Design History: Paleolithic art – Episode #1
There are lot of different types of design concepts in the design industry today like retro, vintage, jazzy, grunge, sleek, clean, professional and etc.,. So i wanted to know about all these different types of design concepts and started doing some research in it. Only when i started digging in this regard i came to know there had been lots of design concepts from time to time. So i decided to put an episodic post about design history. This is the first episode and from now onwards on every Thursday this we will be posting an article about design history. I kindly request all viewers to come and see this weekly episodic post every week and get gained.
Paleolithic or “Old Stone Age” is a term used to define the oldest period in the human history. It began about 2 million years ago, from the use of first stone tools and ended about 13,000 BC.
Subdivisions of the Paleolithic include the:
• Lower Paleolithic (Oldowan, Clactonian, Abbevillian, Acheulean)
• Middle Paleolithic, the time of the hand axe-industries (Mousterian)
• Upper Paleolithic (Châtelperronian, Aurignacian, Solutrean, Gravettian, Magdalenian).
The Paleolithic is followed by the Mesolithic or Epipaleolithic.
Artistic expression emerged for the first time with ochre used as body paint and some early rock art appearing. Paleolithic Art, produced from about 32,000 to 11,000 years ago, falls into two main categories: Portable Pieces and Cave Art. In art, the Paleolithic era is marked by cave paintings and drawings of animals.
It is thought that the cave art or paintings were used for the following purposes:-
• To represent the animals they need to hunt, either for their food or for their protection
• The paintings were some type of ritual related to the animals which were considered sacred and were given god-like qualities.
• It has also been suggested that the paintings represent primitive calendars or almanacs, “coming of age” ceremonies, records of tribal migrations, and mystic paintings during a shamanistic trance.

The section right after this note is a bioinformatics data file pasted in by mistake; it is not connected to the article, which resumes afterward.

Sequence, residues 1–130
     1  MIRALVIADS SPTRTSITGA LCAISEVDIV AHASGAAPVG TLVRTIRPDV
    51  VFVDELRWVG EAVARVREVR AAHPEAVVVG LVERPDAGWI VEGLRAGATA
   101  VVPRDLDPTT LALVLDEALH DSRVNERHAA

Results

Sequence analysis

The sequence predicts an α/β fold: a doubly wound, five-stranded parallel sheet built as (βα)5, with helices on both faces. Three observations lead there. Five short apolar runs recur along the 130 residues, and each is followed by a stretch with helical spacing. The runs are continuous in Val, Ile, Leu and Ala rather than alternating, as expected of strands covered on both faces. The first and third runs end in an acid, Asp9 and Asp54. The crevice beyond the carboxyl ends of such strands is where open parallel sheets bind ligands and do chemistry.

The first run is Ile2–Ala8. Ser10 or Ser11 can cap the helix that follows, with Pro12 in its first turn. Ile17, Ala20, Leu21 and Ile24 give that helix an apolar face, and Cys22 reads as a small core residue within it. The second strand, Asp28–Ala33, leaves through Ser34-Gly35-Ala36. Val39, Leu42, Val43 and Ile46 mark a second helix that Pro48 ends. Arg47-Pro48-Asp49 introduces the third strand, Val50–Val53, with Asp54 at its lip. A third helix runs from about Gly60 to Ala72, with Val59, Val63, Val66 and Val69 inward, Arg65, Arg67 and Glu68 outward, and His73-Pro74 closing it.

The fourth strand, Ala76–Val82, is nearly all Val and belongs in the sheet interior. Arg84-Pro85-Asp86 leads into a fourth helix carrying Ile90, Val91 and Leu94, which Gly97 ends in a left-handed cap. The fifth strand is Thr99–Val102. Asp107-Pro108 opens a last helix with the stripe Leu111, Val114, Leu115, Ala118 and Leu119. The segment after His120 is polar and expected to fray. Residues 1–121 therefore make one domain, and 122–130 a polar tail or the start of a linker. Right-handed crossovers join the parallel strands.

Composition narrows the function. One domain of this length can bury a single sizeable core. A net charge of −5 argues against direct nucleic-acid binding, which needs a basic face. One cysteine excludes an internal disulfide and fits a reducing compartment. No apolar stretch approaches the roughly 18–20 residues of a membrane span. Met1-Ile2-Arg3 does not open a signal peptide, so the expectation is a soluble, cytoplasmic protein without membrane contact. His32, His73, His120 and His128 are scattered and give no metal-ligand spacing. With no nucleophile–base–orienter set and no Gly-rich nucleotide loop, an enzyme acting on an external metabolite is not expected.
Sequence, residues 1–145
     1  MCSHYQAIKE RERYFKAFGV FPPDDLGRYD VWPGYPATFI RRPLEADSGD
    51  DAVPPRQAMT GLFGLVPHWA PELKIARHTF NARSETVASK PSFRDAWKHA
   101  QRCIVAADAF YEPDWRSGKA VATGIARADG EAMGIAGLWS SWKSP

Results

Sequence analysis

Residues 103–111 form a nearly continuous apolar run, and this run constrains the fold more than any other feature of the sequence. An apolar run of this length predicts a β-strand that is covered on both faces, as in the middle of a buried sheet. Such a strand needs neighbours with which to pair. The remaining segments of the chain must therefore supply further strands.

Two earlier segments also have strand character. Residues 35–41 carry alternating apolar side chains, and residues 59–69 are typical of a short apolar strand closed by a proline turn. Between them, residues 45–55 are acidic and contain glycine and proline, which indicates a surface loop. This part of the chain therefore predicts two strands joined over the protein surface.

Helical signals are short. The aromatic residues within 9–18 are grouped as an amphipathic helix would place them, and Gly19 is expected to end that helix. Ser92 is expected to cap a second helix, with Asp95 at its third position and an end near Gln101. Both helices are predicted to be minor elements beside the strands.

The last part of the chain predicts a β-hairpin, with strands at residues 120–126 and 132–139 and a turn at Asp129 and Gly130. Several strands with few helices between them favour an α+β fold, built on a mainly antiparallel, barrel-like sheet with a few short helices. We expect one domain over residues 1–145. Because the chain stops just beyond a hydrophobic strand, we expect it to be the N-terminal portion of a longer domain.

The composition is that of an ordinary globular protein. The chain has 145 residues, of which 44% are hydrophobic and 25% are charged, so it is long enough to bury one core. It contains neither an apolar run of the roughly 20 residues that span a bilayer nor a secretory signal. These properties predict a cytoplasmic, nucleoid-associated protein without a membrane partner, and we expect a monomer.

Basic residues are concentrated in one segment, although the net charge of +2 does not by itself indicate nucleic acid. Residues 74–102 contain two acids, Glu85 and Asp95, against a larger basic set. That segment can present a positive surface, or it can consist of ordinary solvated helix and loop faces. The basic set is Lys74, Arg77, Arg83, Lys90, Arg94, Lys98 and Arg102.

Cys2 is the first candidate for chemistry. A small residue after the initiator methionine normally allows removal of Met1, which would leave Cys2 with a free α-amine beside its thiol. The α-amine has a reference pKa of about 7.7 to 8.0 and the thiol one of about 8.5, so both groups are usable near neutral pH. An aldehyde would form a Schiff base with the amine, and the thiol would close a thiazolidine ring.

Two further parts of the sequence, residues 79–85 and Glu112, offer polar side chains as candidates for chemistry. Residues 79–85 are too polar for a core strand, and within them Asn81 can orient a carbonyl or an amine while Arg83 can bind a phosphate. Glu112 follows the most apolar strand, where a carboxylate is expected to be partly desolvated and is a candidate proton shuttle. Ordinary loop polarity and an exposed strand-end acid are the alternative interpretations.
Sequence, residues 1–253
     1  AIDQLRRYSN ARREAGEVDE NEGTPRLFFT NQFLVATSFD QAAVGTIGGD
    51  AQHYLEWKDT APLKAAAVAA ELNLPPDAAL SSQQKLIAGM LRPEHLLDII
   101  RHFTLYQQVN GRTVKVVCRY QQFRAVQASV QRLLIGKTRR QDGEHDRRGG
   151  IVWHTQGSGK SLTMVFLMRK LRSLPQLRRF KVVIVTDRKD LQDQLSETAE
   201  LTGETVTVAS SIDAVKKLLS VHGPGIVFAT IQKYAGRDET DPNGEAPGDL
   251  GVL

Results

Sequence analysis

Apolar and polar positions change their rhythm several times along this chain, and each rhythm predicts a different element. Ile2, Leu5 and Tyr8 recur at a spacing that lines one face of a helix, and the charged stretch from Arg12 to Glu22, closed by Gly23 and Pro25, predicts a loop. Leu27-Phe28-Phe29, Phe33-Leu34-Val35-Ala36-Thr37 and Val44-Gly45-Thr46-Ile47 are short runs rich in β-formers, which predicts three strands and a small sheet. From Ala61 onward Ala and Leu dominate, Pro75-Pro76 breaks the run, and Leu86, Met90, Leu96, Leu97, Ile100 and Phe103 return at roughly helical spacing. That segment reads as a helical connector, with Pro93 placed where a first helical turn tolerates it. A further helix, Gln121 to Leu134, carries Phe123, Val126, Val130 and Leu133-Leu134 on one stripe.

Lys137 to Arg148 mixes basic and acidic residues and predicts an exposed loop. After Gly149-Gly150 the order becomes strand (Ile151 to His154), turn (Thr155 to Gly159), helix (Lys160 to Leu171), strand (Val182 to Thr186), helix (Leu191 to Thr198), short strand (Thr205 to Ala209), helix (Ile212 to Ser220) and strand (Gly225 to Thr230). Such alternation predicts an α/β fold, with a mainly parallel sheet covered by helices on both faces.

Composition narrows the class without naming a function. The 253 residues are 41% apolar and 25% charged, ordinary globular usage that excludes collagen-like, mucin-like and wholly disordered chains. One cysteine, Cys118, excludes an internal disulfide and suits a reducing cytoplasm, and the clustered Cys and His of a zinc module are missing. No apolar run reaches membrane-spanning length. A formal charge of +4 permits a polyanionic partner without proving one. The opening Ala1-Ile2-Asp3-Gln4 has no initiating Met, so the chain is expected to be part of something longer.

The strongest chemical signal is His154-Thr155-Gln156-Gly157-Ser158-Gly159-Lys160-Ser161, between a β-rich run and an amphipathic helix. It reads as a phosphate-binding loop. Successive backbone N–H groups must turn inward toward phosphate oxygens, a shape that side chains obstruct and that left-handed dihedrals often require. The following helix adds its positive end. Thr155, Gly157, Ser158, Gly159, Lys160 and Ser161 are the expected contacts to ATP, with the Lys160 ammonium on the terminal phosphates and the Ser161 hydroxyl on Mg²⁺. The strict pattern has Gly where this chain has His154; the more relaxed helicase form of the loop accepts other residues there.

Paleolithic art can be categorized as:-
• Invitational that is, created and viewed on purpose by selected or invited individuals for specific purposes.
• Public, that is, created to be viewed by anyone in the area or passing by the area, such as a public monument, territorial marker, or gravestone
• Personal that is, small private objects carried by individuals as ritual items or charms.
The animal figures are both naturalistic and stylized, often showing fine details that suggest keen familiarity with the animal painted or drawn. There does not appear to be a “ground line” in the cave paintings or a sense of depth, although people today tend to understand overlapping figures as suggesting an illusion of three-dimensional space. The overlapping of figures may be due to the oil lamp or candle lighting which would illuminate small areas at a time; such lights have been found inside the caves. There the human figures appear in groups actively pursuing animals or at least are depicted with a potential for movement.
When we look into these Paleolithic arts we feel that they are not really such great or doesn’t gives any realistic effects or we don’t find any wow factor in them. But keenly noticing and going through these arts we can find that these are really some great masterpieces which contain lots of details including depth, camouflaging, and lighting. We can easily understand the background and the time or season of the scene even when they are merely present or represented.
Some famous Paleolithic art concepts were developed here:-
This Paleolithic art has even been used in today’s art. A very good example of that is the FIFA 2010 world cup logo.